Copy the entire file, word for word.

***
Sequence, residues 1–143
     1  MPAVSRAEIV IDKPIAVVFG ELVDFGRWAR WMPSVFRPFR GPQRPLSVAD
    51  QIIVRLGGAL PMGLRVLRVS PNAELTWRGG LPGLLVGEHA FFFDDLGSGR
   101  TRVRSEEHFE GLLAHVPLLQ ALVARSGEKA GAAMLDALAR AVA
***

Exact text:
Sequence, residues 1–143
     1  MPAVSRAEIV IDKPIAVVFG ELVDFGRWAR WMPSVFRPFR GPQRPLSVAD
    51  QIIVRLGGAL PMGLRVLRVS PNAELTWRGG LPGLLVGEHA FFFDDLGSGR
   101  TRVRSEEHFE GLLAHVPLLQ ALVARSGEKA GAAMLDALAR AVA